Greg Gianforte, the Montana Republican charged with assaulting a reporter the night before he won a seat in the House of Representatives last month, formally apologized to the reporter on Wednesday and said he would donate $50,000 to a journalism nonprofit as part of a settlement.

Mr. Gianforte wrote in a letter to the reporter, Ben Jacobs of The Guardian, that his actions on May 24 were “unprofessional, unacceptable and unlawful.” In the apology, Mr. Gianforte promised to donate $50,000 to the Committee to Protect Journalists, an advocacy group for press freedoms and journalists’ rights.

“As both a candidate for office and a public official, I should be held to a high standard in my interactions with the press and the public. My treatment of you did not meet that standard,” Mr. Gianforte, 56, who won Montana’s lone seat in the House on May 25, wrote. “You did not initiate any physical contact with me, and I had no right to assault you.”

Mr. Jacobs accepted the congressman-elect’s apology, he said in a statement. “I hope the constructive resolution of this incident reinforces for all the importance of respecting the freedom of the press and the First Amendment and encourages more civil and thoughtful discourse in our country,” Mr. Jacobs said.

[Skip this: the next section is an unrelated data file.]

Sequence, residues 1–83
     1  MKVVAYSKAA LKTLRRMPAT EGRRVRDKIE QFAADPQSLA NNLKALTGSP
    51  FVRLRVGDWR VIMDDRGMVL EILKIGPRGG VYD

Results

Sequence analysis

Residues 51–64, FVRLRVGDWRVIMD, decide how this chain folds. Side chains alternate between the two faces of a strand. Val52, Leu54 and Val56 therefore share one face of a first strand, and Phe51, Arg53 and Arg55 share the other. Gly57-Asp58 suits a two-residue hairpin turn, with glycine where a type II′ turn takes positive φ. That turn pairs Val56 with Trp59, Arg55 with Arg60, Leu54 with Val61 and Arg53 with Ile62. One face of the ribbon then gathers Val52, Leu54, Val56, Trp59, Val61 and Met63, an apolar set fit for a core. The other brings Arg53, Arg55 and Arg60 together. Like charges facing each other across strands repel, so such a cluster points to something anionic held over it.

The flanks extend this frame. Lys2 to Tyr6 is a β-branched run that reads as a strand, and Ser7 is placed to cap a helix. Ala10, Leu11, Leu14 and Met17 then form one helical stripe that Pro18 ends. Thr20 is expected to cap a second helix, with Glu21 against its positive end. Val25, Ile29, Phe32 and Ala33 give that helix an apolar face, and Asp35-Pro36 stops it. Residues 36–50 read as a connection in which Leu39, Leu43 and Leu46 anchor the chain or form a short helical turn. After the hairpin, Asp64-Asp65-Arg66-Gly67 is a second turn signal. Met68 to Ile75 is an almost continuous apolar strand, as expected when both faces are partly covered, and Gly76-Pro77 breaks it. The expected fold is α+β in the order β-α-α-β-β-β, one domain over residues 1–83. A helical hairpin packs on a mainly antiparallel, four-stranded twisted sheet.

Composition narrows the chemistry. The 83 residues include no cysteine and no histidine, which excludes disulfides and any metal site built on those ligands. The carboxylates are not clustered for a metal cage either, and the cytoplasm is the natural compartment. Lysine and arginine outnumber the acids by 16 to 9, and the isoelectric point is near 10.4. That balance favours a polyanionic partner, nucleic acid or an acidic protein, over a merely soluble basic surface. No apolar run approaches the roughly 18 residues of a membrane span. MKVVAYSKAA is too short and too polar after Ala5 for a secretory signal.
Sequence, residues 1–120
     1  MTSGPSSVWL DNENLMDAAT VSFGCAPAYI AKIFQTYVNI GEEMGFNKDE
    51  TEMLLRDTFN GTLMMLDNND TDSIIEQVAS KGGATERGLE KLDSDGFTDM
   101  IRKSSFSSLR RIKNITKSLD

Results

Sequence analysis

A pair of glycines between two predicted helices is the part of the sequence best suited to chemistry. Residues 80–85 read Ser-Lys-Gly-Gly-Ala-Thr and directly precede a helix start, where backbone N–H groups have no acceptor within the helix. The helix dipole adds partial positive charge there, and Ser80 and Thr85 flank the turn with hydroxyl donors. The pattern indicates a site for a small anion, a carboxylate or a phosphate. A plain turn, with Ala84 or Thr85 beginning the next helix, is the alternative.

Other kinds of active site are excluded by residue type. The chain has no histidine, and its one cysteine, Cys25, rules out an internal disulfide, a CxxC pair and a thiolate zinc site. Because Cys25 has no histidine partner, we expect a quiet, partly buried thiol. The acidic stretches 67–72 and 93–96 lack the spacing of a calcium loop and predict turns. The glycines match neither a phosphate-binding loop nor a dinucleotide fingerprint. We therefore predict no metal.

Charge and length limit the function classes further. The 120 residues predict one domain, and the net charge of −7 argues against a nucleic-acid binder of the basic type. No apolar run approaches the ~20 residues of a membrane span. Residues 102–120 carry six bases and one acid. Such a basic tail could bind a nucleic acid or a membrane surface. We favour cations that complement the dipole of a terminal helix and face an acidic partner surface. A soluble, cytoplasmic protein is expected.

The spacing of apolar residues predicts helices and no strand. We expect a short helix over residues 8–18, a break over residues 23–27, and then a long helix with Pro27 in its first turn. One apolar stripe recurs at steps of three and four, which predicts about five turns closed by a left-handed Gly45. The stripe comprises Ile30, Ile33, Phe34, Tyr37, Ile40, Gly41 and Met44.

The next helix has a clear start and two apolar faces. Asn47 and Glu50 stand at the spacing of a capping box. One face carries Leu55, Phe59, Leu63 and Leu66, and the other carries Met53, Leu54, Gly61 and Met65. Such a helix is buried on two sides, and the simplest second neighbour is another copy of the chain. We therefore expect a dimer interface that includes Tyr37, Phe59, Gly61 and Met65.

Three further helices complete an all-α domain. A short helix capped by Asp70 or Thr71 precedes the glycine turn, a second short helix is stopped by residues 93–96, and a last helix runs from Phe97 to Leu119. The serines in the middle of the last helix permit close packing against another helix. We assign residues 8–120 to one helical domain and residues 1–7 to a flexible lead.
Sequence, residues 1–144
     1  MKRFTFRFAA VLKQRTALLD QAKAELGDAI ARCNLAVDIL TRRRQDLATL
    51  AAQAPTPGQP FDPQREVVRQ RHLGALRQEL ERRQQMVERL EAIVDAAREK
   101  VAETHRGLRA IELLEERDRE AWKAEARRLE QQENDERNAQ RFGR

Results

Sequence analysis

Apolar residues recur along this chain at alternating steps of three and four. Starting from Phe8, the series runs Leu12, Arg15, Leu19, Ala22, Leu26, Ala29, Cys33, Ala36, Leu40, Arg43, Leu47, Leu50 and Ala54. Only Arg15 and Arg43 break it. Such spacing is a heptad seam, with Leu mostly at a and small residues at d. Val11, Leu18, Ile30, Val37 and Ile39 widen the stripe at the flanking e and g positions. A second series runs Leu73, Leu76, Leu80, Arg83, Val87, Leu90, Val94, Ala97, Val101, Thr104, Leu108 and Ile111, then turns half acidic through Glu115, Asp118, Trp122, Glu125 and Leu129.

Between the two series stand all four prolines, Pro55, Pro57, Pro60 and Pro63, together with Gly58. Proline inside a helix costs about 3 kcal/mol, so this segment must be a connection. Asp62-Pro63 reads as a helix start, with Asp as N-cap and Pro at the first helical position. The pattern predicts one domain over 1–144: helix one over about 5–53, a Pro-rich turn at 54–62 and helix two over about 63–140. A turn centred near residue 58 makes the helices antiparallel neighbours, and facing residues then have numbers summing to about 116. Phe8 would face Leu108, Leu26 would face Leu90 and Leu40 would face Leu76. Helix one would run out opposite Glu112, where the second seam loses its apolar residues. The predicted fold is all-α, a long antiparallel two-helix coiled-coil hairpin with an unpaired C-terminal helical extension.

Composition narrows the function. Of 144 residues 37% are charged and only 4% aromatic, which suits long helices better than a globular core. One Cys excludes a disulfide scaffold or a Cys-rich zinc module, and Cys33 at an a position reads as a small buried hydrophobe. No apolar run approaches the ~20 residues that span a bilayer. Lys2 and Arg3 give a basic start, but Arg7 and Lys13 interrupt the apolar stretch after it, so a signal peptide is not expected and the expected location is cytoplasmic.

The settlement precludes any civil litigation. Mr. Gianforte still faces a misdemeanor charge of assault. If convicted, he would face up to six months in jail and a $500 fine. Mr. Gianforte’s lawyers requested an extension this week to delay his first court appearance.

The episode unfolded at the site of Mr. Gianforte’s final rally in a hotly contested special House election. Before the event in Bozeman, Mont., Mr. Jacobs approached him and asked his thoughts about Republicans’ health care bill. When he pressed for an answer, Mr. Jacobs said, he was “body-slammed.”

“I’m sick and tired of you guys!” Mr. Gianforte told Mr. Jacobs, according to an audio recording by Mr. Jacobs, shortly after the sounds of a physical struggle and a crash. “The last time you came here, you did the same thing. Get the hell out of here. Get the hell out of here.”

Mr. Jacobs replied, “You just body-slammed me and broke my glasses.”

A Fox News crew that witnessed the episode recounted in a first-person report on its website that Mr. Gianforte “began punching the reporter” and “grabbed Jacobs by the neck with both hands and slammed him into the ground behind him.”

The Gallatin County sheriff’s office charged Mr. Gianforte with misdemeanor assault that night. The next day, Mr. Gianforte won the seat, capturing a bit more than 50 percent of the vote to defeat Rob Quist, a Democrat and country music singer.

In his victory speech, Mr. Gianforte conceded that he had “made a mistake,” briefly apologized to Mr. Jacobs and promised Montanans he would not embarrass them again.

Mr. Gianforte earned riches as a technology entrepreneur with his company, RightNow Technologies, which he sold in 2011 to Oracle for about $1.5 billion. He has not held government office before and lost a 2016 race for governor of Montana.